In May 1962, she was hired at the Brukenthal Museum where, under the coordination of Cornel Irimie, she contributed to the foundation of the Museum of Folk Technics. After 1964, she was in charge of the part of the permanent open-air exhibition dealing with pre-industrial means of transportation. She was also part of the museum’s teams that conducted field research. She specialised in pre-industrial mills, and coordinated the rescue of five windmills from Dobrogea. Her comparative research on Romanian windmills earned her international recognition. Together with Cornel Irimie, the director of the Museum of Folk Technics, she attended the Second International Symposium of Molinology in Copenhagen in 1969. Subsequently, she was invited to deliver presentations at many international conferences on this topic. She later used her experience as a researcher at the Museum to found the Heimatmuseum (Transylvanian Saxons’ Homeland Museum) at Cisnădioara (Michelsberg in German) in 1971. In 1987, due to the severe travel limitations on foreign travel and everyday shortages of basic products in the Romania of the 1980s, Ruşdea emigrated to Germany, where she continued her researches in molinology. She died on 18 February 2009 in Heidelberg.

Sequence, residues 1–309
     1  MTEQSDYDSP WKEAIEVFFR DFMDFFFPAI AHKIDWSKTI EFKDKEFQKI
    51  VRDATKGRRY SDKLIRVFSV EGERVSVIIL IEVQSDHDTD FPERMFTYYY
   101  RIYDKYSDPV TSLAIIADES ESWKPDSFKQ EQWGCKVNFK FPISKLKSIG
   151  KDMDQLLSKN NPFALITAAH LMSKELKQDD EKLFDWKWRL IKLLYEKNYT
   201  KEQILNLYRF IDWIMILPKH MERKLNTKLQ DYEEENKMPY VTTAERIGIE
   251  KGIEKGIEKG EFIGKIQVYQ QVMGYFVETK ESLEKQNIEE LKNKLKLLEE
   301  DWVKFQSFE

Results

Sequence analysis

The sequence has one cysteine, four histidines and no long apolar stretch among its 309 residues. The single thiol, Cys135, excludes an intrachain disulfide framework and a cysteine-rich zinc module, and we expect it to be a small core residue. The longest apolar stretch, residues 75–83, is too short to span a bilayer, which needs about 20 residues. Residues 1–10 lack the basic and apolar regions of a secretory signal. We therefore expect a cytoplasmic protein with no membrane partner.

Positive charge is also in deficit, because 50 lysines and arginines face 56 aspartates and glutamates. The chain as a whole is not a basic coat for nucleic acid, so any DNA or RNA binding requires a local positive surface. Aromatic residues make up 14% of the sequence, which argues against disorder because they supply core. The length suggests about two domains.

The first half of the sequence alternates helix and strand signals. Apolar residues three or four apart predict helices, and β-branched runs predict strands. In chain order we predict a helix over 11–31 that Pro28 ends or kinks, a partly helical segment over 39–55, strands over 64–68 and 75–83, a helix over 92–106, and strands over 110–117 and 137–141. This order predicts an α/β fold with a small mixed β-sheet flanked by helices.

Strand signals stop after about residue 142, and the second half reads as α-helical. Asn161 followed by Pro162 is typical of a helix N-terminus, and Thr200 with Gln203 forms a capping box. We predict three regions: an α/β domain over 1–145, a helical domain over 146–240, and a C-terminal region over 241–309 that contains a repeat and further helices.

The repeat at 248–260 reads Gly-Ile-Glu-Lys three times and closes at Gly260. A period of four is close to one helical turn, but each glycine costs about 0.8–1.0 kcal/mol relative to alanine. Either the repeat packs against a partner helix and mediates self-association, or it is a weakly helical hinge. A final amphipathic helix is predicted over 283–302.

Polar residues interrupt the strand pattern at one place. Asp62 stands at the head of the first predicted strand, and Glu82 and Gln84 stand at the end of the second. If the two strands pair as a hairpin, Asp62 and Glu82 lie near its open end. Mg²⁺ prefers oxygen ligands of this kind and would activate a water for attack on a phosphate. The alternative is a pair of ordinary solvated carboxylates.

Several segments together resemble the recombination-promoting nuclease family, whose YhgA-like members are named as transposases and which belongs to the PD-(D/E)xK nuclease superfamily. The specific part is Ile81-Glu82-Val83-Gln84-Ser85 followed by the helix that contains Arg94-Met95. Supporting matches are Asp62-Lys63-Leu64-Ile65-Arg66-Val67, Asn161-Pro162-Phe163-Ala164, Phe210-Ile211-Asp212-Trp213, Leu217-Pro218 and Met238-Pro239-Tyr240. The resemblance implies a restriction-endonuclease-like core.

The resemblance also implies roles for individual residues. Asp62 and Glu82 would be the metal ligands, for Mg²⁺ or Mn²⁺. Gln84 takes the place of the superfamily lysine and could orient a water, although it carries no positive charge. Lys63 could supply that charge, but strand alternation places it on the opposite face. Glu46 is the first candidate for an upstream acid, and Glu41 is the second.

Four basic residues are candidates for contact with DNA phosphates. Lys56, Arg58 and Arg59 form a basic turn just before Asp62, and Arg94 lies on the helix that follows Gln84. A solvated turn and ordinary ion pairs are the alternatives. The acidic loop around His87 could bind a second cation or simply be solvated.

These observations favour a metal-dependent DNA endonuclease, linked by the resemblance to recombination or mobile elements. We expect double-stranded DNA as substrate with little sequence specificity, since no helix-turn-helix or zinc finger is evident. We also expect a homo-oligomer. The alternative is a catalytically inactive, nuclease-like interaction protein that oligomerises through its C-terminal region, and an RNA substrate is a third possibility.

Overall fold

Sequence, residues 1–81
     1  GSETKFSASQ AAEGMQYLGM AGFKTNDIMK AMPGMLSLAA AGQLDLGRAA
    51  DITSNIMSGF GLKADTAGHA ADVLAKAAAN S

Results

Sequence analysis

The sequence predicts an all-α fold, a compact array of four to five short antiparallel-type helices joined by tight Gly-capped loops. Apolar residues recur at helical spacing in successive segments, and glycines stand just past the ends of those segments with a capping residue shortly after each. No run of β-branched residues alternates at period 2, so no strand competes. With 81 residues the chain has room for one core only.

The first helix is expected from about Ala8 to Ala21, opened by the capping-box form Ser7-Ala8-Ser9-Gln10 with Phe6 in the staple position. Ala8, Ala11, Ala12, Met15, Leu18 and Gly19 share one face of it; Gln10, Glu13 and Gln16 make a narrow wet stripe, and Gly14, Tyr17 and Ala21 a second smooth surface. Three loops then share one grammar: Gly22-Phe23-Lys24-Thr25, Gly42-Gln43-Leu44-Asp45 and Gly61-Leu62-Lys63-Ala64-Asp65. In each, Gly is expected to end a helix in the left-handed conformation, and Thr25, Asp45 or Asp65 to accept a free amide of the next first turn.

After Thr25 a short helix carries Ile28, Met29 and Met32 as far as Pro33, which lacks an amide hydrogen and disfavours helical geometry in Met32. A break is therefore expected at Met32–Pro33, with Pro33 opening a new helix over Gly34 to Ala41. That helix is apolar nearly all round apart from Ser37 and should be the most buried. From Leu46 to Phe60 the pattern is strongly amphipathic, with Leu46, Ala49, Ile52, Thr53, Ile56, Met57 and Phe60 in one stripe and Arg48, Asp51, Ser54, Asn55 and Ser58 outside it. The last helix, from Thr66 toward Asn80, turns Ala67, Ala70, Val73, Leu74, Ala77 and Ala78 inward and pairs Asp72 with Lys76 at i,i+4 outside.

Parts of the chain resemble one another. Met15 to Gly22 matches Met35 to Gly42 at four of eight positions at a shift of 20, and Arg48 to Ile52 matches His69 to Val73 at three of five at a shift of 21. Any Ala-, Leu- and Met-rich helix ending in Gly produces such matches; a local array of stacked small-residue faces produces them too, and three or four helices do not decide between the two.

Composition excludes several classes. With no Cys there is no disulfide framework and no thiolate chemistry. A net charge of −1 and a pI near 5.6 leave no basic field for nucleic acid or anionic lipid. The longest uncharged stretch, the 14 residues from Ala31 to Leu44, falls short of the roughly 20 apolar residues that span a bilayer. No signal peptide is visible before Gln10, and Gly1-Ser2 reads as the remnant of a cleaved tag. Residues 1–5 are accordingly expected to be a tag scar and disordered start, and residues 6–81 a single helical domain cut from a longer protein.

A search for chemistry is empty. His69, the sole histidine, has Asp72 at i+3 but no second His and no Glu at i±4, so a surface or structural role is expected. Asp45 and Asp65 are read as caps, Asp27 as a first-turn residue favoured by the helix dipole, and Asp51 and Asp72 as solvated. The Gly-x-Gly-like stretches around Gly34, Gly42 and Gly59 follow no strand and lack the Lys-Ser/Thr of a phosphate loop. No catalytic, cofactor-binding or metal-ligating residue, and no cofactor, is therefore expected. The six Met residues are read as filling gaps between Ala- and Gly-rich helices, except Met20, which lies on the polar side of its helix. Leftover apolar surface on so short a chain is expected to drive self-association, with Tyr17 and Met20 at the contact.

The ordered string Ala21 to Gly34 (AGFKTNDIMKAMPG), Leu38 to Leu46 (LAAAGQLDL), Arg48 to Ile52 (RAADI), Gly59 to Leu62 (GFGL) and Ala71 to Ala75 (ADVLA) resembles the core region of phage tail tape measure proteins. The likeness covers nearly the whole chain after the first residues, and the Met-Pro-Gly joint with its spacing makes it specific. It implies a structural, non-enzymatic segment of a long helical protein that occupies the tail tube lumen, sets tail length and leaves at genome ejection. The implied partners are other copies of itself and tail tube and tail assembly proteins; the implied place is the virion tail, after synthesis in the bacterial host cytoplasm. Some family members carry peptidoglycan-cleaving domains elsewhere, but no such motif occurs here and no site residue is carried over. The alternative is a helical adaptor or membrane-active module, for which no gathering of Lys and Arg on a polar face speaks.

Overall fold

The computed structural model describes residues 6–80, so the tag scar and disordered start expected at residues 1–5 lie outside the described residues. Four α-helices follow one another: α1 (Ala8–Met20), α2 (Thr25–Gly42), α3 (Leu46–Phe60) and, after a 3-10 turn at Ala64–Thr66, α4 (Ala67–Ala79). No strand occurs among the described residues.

Due to her remarkable achievements, Ruşdea established herself as a leading ethnographer at the Museum of Folk Technics in Sibiu. She contributed decisively to the rescue of a cultural heritage that would otherwise have been destroyed by the communist regime’s agricultural modernisation drive. She also conducted ethnographic research in the villages from which artefacts of peasant technics were rescued. This field research produced valuable historical and social data about rural society in Dobrogea and the effects of communist modernisation policies on its cultural heritage.
- Sibiu, Romania